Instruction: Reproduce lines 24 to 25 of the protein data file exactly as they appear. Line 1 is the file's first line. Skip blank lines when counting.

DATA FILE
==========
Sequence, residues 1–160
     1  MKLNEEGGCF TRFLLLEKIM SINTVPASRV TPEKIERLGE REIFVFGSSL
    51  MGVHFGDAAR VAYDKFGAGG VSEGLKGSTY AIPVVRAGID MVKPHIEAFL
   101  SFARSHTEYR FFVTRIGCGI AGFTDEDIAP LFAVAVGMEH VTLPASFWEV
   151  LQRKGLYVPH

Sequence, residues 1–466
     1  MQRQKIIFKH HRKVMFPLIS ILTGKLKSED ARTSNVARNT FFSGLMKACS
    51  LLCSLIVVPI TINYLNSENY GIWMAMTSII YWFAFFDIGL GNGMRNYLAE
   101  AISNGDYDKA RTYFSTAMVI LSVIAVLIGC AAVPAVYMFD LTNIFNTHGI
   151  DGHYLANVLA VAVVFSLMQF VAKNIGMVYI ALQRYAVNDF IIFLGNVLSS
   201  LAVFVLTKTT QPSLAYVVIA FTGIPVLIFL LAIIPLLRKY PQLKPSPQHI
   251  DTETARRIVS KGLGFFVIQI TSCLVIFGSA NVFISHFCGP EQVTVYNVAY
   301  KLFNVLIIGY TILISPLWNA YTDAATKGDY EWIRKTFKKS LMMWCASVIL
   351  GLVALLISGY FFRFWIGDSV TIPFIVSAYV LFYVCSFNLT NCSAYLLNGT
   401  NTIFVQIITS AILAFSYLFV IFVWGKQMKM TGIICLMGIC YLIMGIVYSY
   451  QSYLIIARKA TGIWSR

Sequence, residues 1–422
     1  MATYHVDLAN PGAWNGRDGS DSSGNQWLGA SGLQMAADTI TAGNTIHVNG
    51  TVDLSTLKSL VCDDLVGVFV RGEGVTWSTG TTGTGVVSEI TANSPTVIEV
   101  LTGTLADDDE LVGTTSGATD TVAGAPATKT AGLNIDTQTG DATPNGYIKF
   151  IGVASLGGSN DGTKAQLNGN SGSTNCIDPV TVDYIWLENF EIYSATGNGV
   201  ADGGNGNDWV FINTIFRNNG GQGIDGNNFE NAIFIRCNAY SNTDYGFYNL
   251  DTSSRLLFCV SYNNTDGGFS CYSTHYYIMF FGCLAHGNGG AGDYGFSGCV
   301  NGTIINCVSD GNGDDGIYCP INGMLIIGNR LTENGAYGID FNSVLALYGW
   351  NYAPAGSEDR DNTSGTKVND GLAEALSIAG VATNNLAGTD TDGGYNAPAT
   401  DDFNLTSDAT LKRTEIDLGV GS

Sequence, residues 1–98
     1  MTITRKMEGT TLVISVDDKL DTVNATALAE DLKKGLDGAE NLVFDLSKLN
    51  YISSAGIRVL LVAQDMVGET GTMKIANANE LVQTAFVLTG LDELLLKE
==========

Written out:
   301  NGTIINCVSD GNGDDGIYCP INGMLIIGNR LTENGAYGID FNSVLALYGW
   351  NYAPAGSEDR DNTSGTKVND GLAEALSIAG VATNNLAGTD TDGGYNAPAT